When not to use apostrophes

Do not use apostrophes:

in 3 weeks time     after 4 years delay     6 months salary    
  • in plural nouns, even when the base word looks unusual with plural s

avocados [not avocado’s]     skis [not ski’s]     tattoos [not tattoo’s]

She ate 3 avocados in a single sitting.

I own 4 pairs of skis.

His back was covered in tattoos.

  • in plurals of dates and other numbers
1990s     the early 2000s     people in their 20s and 30s
  • in plurals of acronyms and initialisms
CVs     KPIs     SUVs     URLs
  • in Australian placenames that include possessives
    Frenchs Forest     Kings Cross     Paddys River     St Helens

    See the Place Names search tool on the Australian Government Geoscience Australia website for a list of place names in Australia.

  • in the names of diseases that include a person’s name (see Human diseases and conditions)
    Crohn disease     Down syndrome     Huntington disease

    In everyday English, the older possessive form of these disease names is commonly used. It often persists in the names of nonprofit and research organisations that relate to these diseases (eg Parkinson’s Australia, Australian Alzheimer’s Research Foundation). Check the names of such organisations and use their official names.

  • with plural nouns that are descriptive rather than possessive or attributive

    drivers licence [a licence for drivers]     farmers market     girls high school     officers mess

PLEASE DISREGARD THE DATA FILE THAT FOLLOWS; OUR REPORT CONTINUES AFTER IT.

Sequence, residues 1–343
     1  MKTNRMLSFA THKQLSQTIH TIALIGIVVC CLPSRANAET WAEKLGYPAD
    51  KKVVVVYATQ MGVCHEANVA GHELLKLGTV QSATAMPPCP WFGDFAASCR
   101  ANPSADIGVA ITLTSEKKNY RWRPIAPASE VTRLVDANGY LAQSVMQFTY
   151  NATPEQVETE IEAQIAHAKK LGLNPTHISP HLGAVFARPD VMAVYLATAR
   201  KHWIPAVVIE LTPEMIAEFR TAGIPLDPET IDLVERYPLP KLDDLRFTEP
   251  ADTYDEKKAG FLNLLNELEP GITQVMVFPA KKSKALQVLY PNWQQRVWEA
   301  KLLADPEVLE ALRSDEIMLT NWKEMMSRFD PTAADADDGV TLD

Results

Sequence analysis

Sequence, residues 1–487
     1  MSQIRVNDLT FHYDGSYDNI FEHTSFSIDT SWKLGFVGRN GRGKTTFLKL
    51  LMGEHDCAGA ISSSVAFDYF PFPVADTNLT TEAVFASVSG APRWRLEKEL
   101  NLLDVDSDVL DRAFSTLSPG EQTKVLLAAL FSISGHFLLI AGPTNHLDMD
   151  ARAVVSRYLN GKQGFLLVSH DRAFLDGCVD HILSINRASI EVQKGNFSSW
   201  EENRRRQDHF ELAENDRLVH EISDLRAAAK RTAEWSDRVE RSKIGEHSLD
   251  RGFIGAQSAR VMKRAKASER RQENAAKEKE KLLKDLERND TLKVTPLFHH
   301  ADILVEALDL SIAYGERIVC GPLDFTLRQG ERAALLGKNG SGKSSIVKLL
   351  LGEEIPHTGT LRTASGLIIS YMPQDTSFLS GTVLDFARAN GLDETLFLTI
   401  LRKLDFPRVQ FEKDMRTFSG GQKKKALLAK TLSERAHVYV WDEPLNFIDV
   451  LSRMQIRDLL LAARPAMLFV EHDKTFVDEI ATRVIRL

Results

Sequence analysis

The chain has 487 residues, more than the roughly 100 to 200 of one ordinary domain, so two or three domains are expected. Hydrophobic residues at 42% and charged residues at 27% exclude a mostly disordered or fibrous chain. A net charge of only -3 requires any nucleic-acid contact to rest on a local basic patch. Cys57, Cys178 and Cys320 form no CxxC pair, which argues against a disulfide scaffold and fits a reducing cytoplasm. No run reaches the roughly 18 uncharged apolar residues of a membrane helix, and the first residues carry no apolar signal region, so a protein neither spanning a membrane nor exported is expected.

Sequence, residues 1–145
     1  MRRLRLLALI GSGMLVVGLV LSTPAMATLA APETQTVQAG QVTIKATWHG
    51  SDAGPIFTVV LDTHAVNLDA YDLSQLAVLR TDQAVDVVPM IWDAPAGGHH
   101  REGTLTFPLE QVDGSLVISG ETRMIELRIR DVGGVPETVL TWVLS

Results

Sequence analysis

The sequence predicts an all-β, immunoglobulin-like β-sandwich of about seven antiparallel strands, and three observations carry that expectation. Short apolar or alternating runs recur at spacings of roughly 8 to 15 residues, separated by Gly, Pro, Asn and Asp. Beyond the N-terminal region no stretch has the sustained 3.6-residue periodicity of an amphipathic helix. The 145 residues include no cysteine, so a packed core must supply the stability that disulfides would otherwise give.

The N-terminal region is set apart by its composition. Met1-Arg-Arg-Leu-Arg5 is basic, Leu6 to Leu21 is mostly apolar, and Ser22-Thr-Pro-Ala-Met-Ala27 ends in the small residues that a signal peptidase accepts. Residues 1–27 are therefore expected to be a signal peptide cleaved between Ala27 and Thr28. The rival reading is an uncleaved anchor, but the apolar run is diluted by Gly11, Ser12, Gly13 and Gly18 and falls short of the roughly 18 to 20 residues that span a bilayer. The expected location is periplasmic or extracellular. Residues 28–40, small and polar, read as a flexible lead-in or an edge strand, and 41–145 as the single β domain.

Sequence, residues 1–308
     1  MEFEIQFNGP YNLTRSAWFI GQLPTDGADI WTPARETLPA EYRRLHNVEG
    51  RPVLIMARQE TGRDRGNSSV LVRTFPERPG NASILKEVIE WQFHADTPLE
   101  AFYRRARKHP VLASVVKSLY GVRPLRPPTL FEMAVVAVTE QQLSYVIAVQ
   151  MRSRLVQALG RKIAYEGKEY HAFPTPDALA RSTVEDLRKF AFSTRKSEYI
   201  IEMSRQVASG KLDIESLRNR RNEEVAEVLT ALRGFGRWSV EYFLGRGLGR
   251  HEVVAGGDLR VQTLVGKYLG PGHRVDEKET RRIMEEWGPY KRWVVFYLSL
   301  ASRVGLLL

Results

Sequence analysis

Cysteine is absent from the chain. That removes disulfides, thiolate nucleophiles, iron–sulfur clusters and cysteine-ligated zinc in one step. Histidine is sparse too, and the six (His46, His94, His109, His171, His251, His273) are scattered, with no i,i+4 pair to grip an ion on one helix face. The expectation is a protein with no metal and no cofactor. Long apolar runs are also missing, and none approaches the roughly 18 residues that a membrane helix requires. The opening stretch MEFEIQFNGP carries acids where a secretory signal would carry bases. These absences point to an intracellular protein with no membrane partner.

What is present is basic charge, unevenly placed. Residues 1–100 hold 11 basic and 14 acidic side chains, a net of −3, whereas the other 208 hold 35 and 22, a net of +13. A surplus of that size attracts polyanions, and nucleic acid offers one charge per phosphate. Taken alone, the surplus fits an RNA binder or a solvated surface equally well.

Australasian Medical Writers Association     Willoughby Girls High School 

    But note that some organisations or institutions have chosen to retain the apostrophe – check the names of organisations and use their preferred form

National Farmers’ Federation     Department of Veterans’ Affairs

Did you know? A quick trick can help you decide whether a plural noun needs an apostrophe (ie is possessive or attributive) or not (ie is descriptive).

In many cases, an apostrophe is not needed if for rather than of would fit the sentence.


  • the traditional recipe of my mother-in-law (not for my mother-in-law) = my mother-in-law’s traditional recipe [possessive]
  • the eve of New Year (not for New Year) = New Year’s Eve [attributive]
  • a college for teachers (not of teachers) = teachers college [descriptive]
  • a licence for drivers (not of drivers) = drivers licence [descriptive]

In some cases, either for or of could apply. For example, the National Farmers’ Federation could be either a federation for farmers or a federation of farmers; hence the need to check the preferred form for organisation names.

User login

... or purchase now

An individual subscription is only A$60 per year

Group and student discounts may apply

Australian manual of scientific style Start communicating effectively